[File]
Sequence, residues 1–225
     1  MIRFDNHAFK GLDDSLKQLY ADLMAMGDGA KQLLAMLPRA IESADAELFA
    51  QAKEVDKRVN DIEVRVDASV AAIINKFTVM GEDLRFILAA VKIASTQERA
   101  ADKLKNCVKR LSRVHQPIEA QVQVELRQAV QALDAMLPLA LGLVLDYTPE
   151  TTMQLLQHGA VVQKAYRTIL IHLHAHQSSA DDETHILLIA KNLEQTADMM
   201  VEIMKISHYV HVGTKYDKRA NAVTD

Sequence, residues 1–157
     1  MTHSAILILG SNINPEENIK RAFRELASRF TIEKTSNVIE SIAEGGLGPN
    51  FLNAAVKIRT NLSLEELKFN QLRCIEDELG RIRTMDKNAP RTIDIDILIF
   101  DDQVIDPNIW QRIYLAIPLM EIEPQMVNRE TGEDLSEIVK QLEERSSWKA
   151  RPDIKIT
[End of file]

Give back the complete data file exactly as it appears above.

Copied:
Sequence, residues 1–225
     1  MIRFDNHAFK GLDDSLKQLY ADLMAMGDGA KQLLAMLPRA IESADAELFA
    51  QAKEVDKRVN DIEVRVDASV AAIINKFTVM GEDLRFILAA VKIASTQERA
   101  ADKLKNCVKR LSRVHQPIEA QVQVELRQAV QALDAMLPLA LGLVLDYTPE
   151  TTMQLLQHGA VVQKAYRTIL IHLHAHQSSA DDETHILLIA KNLEQTADMM
   201  VEIMKISHYV HVGTKYDKRA NAVTD

Sequence, residues 1–157
     1  MTHSAILILG SNINPEENIK RAFRELASRF TIEKTSNVIE SIAEGGLGPN
    51  FLNAAVKIRT NLSLEELKFN QLRCIEDELG RIRTMDKNAP RTIDIDILIF
   101  DDQVIDPNIW QRIYLAIPLM EIEPQMVNRE TGEDLSEIVK QLEERSSWKA
   151  RPDIKIT